Until recently, the damages awarded by human rights tribunals, courts and arbitrators across the country for human rights violations were relatively modest. In the past few years, we have seen those awards increase, although not to an outrageous level. But that might all be changing, as two recent decisions out of Western Canada - one out of British Columbia and the other out of Alberta - suggest.  The reason? Huge general damages awards - $125,000 in The City of Calgary and CUPE, Local 38 (PDF) and $75,000 in Kelly v. University of British Columbia (PDF). In both cases, these awards are in addition to amounts awarded for wage loss or other damages.

In the Alberta case, an arbitration board (the “Board”) awarded an employee who had been sexually assaulted on a number of occasions by a senior foreman $125,000 as general damages, in addition to her damages related to lost income.

And the day after the Board issued its decision in the Alberta case, the British Columbia Human Rights Tribunal released its decision in which it drastically upped its record award for injury to dignity, feelings and self-respect to $75,000. This more than doubled its previously highest award of $35,000.

The City of Calgary and CUPE, Local 38 (“Calgary”)

The circumstances in Calgary were described by the Board as “a tragic case”. The employee was initially sexually assaulted 8 times in a period of just under 3 weeks. The assaults consisted of fondling by a foreman while she was at her desk. After reporting the assaults, she was sexually assaulted again during the following week. The employee installed a spy camera and caught an assault on camera.

After reporting the assaults, the employee suffered further indignation, including having her keyboard sabotaged with what she thought was rat poison. Despite the perpetrator being criminally charged and pleading guilty, management requested that the employee undergo an Independent Medical Examination (IME) and provide a return to work certificate even though she did not claim absence due to sickness. The employee felt she was being blamed for what had happened.

Subsequently, the employee was admitted to hospital as a result of suicide ideation and had ongoing medical issues. A psychiatrist conducted an IME and concluded that the employee’s psychological difficulties were caused by the sexual assaults and aftermath.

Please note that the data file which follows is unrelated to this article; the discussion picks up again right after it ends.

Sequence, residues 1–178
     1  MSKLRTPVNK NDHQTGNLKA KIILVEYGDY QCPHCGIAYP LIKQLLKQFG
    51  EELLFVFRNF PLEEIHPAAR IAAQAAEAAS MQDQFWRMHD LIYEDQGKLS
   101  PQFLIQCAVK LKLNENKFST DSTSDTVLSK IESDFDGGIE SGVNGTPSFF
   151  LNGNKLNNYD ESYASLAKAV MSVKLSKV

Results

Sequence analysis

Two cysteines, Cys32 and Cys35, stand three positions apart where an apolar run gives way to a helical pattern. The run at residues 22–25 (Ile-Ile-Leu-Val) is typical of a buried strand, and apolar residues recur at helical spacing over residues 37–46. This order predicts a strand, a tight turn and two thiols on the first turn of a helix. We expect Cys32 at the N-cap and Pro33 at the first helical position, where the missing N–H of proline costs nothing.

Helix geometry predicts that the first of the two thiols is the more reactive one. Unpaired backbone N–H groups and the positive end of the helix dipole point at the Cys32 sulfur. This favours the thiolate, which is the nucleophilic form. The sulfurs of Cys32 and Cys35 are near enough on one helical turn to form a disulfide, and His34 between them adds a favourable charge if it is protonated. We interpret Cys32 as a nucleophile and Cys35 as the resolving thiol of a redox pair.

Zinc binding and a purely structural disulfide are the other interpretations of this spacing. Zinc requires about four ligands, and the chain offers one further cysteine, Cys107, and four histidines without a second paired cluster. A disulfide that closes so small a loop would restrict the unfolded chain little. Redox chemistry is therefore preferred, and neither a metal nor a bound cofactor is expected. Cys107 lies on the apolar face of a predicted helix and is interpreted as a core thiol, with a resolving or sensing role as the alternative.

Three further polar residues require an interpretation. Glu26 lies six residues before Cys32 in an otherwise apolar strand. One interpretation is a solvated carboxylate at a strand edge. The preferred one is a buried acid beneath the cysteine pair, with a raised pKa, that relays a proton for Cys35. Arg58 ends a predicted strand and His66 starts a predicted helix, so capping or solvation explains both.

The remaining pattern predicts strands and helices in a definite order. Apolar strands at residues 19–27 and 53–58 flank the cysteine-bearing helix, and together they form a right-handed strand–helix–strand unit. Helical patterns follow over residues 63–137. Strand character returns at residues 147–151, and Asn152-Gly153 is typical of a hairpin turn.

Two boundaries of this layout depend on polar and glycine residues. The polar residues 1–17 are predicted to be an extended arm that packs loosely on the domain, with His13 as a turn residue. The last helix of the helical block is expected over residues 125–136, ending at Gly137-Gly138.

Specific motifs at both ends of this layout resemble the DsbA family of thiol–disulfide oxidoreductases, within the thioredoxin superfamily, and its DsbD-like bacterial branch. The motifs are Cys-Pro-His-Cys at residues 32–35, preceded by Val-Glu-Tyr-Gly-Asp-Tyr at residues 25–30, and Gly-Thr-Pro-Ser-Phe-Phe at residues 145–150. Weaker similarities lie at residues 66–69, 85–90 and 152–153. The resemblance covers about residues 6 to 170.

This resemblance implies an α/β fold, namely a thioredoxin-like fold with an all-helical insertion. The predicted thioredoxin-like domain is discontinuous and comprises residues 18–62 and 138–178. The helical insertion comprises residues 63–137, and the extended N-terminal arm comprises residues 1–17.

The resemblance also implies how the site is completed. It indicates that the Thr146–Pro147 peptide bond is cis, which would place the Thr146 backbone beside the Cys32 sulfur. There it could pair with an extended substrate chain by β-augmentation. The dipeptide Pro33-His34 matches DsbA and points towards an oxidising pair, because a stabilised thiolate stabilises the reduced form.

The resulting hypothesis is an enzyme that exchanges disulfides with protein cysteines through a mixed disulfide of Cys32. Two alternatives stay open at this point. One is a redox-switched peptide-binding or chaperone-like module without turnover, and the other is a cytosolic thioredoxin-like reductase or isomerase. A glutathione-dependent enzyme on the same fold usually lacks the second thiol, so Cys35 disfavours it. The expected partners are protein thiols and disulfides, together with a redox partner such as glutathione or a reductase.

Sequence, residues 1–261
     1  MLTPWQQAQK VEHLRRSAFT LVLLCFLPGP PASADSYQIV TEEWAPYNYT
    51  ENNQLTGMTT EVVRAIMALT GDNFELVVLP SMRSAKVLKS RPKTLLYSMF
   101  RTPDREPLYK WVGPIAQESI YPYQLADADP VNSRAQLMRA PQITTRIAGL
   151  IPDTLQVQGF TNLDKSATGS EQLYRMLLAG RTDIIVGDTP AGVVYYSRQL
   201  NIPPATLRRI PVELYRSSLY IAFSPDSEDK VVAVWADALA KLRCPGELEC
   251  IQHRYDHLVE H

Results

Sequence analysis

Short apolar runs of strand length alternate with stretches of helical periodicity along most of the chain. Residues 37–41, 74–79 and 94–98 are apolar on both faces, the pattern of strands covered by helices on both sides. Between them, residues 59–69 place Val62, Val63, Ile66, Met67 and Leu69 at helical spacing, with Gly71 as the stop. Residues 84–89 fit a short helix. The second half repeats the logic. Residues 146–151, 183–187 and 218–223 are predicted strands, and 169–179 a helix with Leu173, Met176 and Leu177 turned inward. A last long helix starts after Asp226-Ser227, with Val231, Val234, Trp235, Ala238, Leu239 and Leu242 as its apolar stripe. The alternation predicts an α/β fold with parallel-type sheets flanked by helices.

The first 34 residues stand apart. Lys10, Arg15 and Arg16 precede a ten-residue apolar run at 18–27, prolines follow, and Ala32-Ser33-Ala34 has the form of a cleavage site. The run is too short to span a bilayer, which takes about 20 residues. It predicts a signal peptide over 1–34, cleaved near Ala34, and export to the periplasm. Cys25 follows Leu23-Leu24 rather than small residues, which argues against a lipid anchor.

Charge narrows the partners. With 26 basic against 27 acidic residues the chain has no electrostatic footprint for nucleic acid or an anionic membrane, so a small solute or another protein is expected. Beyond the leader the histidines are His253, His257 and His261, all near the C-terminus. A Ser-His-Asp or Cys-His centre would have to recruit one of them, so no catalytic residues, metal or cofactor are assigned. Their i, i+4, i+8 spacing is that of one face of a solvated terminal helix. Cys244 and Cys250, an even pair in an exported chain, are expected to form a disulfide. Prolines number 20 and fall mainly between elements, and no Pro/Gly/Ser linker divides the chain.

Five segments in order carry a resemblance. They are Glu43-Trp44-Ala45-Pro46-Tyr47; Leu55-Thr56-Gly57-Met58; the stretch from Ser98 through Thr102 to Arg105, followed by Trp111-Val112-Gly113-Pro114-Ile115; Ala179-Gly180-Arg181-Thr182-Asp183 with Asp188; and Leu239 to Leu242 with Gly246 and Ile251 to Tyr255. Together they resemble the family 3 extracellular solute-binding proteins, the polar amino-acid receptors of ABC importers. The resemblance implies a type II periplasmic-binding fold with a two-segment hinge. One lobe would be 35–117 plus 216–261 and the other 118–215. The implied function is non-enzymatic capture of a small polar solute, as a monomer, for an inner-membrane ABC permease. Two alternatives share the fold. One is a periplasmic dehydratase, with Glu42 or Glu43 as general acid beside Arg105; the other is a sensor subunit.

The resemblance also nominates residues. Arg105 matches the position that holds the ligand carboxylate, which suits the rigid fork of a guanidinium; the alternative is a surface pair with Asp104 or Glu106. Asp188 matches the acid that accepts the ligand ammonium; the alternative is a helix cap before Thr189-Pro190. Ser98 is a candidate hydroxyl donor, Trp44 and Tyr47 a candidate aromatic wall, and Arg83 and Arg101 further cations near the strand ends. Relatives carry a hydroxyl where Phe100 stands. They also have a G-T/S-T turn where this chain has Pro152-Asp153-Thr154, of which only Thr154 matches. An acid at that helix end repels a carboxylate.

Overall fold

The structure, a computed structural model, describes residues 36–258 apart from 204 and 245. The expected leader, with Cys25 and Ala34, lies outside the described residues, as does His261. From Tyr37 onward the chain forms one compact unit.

Referring in part to a decision of the Ontario Human Rights Tribunal, the Board noted the following as relevant to a general damages award for a breach of the Human Rights Act:

  • the nature of the discriminatory conduct;
  • the complainant’s particular experience in response to the discrimination;
  • particular emotional difficulties experienced by the complainant;
  • the extent of the misconduct; and
  • if focus is placed on the employee claiming harassment, de-emphasizing the responsibility of the harasser and other employees.

The Board said that the employer failed in its obligation to provide support to the employee. Based on the sexual assaults and subsequent events, and the medical evidence, the Board concluded an award of $125,000 for general damages was justified. Including those general damages, the total amount of damages awarded to the employee in that case was a whopping $869,022.

Kelly v. University of British Columbia (No. 4) (“Kelly”)

In the Kelly case, the complainant was a medical resident in the University of British Columbia (“UBC”) medical school. He suffered from ADHD and a non-verbal learning disability. After failing his first rotation in the Residency program, he disclosed his disabilities and was asked to a see a psychiatrist. In 2007, the complainant was dismissed from the Family Medicine residency program for “unsuitability”. The Tribunal determined that the dismissal was related to the complainant’s disabilities and was thus discriminatory.

The Tribunal gave the following reasons for making the $75,000 award for injury to dignity, feelings and self-respect in that case:

  • the complainant lost the opportunity to practice in the career of his choosing, which he had spent considerable time and resources pursuing;
  • the complainant was pursuing a life-long desire and the lost opportunity had a serious and detrimental impact on him;
  • the complainant suffered deep humiliation and embarrassment as a result of the discrimination;
  • the complainant suffered embarrassment and barriers to other employment;
  • the complainant lost his income, moved back in with his parents and lost his independence;
  • the complainant’s relationships with his family and friends became strained and he isolated himself socially; and
  • the complainant was in a vulnerable position as a resident who suffered from a mental disability and was dependent on UBC to accommodate him to complete his residency.

Including the $75,000 for injury to dignity, feelings and self-respect, UBC was ordered to pay the complainant $460,194 in damages (not including expenses, a tax gross up, and interest).

Conclusion

These decisions show the continued upward progression of the financial risk involved with failure to comply with human rights obligations. Employers should take heed: it is not only your reputation that is on-the-line in a human rights complaint, but also your pocketbook.  As the Calgary case demonstrates, it is more important than ever before to take all complaints seriously, including conducting a fullsome investigation, before taking any action.